Fats Defined

Suppose your doctor told you that “You need to get your serum cholesterol level down. Your triglycerides are borderline high and cut the fat, especially the saturated fat, in your diet.” Just what would all these statements mean to you? The following fat definitions would be a start in understanding how fat works in the body.
Cholesterol: A waxy, fat-like substance found in animal foods and in every body cell.

Blood/Serum Cholesterol: Cholesterol found in the bloodstream. The body makes most of its own and some is absorbed from the foods we eat. Play important role in hormone production.

HDL: High Density Lipoprotein or “good” cholesterol. HDL carries cholesterol away from body tissue for excretion.

LDL: Low Density Lipoproteins or “bad” cholesterol. LDL carries cholesterol to body tissues and may form deposits on artery walls and blood vessels.

Triglycerides: The main form of fat in foods. Excess calories consumed from carbohydrate, protein or fat produces triglycerides and stored as body fat. Drinking alcohol can also boost the liver’s production of triglycerides thus increasing your risk for heart disease.

Fat: A group of compounds made up of glycerol and fatty acids. Fat is one of the three main nutrients (carbohydrate, protein, fat) in food that supplies energy. Fatty acids are the building blocks of fats. Fats are made up of fatty acids.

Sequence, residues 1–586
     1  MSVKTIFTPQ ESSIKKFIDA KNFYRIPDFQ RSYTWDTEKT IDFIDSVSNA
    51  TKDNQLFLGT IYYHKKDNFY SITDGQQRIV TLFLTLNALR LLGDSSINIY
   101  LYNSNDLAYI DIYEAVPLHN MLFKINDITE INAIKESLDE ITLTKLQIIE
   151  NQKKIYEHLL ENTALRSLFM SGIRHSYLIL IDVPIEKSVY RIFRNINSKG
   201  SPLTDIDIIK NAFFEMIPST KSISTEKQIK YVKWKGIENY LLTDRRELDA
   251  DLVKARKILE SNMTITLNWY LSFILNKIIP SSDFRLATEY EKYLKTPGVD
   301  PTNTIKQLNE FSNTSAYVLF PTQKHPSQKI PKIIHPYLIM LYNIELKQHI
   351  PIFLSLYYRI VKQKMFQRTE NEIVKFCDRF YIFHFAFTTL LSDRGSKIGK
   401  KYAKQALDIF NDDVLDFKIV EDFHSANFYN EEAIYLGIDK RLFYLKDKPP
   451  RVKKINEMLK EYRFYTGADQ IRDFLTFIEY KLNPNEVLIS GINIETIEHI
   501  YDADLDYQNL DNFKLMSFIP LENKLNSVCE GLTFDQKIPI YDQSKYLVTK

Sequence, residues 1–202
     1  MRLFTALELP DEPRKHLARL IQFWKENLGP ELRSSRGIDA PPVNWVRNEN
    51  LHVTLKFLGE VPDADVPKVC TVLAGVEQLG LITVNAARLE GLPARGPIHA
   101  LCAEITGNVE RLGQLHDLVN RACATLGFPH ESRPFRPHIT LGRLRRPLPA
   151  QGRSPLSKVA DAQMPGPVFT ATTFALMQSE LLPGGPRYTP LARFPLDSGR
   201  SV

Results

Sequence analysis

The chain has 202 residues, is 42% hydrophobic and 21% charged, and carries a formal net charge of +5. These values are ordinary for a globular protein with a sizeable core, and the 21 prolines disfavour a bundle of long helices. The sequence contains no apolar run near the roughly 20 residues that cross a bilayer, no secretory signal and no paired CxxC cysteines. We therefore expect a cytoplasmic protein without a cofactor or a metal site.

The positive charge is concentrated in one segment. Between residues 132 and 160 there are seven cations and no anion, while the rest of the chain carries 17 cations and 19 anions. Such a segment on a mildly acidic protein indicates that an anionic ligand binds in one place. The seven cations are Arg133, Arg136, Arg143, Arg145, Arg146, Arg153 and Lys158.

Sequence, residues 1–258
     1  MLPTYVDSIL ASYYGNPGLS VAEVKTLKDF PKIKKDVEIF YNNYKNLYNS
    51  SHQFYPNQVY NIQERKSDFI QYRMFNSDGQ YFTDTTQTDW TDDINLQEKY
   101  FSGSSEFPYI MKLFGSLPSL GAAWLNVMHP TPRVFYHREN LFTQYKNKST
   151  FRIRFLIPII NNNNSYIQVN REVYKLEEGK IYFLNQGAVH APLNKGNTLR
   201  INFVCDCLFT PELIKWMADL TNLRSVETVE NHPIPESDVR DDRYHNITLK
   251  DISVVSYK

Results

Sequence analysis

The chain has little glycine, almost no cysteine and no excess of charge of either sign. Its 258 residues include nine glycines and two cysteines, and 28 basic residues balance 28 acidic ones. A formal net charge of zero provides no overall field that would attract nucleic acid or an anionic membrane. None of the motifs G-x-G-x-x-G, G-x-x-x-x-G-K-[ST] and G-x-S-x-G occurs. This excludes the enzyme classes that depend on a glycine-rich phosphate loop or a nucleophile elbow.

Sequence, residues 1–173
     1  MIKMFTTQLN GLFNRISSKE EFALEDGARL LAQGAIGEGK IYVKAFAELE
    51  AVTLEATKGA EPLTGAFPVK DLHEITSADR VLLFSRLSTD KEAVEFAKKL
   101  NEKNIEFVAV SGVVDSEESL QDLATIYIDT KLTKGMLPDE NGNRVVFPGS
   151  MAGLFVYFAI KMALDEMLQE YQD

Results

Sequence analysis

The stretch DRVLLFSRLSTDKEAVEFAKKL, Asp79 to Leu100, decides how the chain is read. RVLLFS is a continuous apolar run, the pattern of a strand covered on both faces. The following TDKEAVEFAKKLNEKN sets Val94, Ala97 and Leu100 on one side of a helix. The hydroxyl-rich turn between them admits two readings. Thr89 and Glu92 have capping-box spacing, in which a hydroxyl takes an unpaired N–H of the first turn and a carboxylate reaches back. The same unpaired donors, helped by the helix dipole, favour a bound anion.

Saturated Fatty Acids (SFA’s): The primary source is the fat found in animal products such as the fat in meat, poultry, butter and whole milk. SFA’s are also found in coconut, palm and palm kernel oils. Foods high in SFA’s are solid at room temperature. A diet high in SFA’s can have a significant impact on raising blood cholesterol levels which can lead to heart disease.

Polyunsaturated Fatty Acids (PUFA’s): Foods high in these fatty acids including Omega-6 fatty acids are liquid or soft at room temperature. Corn, safflower, soybean and sunflower oils are high in PUFA’s.

Monounsaturated Fatty Acids (MUFA’s): Foods high in MUFA’s are liquid at room temperature. Canola, nut and olive oils are high in this fatty acid. Research shows that these fatty acids may help lower blood cholesterol levels more than PUFA’s do. The goal for good health is to use oils high in MUFA’s instead of other fats and oils.

Omega-3 Fatty Acids: Fatty acids which are highly polyunsaturated. Food sources are seafood, especially higher-fat fish such as salmon, sardines, mackerel and albacore tuna. Grass fed animals to a lesser extent. Also found in flaxseed, walnut, soybean and canola oils. Research suggests that Omega-3’s may help prevent blood from clotting and sticking to artery walls thus lowering the risk of blocked blood vessels and heart attacks. A great place to buy fresh seafood in the Omaha area is Absolutely Fresh Seafood.

Trans Fatty Acids: A type of fatty acid formed during the process of hydrogenation or making a fat more stable and solid at room temperature. This extends a foods shelf life. Also found naturally in some foods. Negatively affects blood cholesterol levels.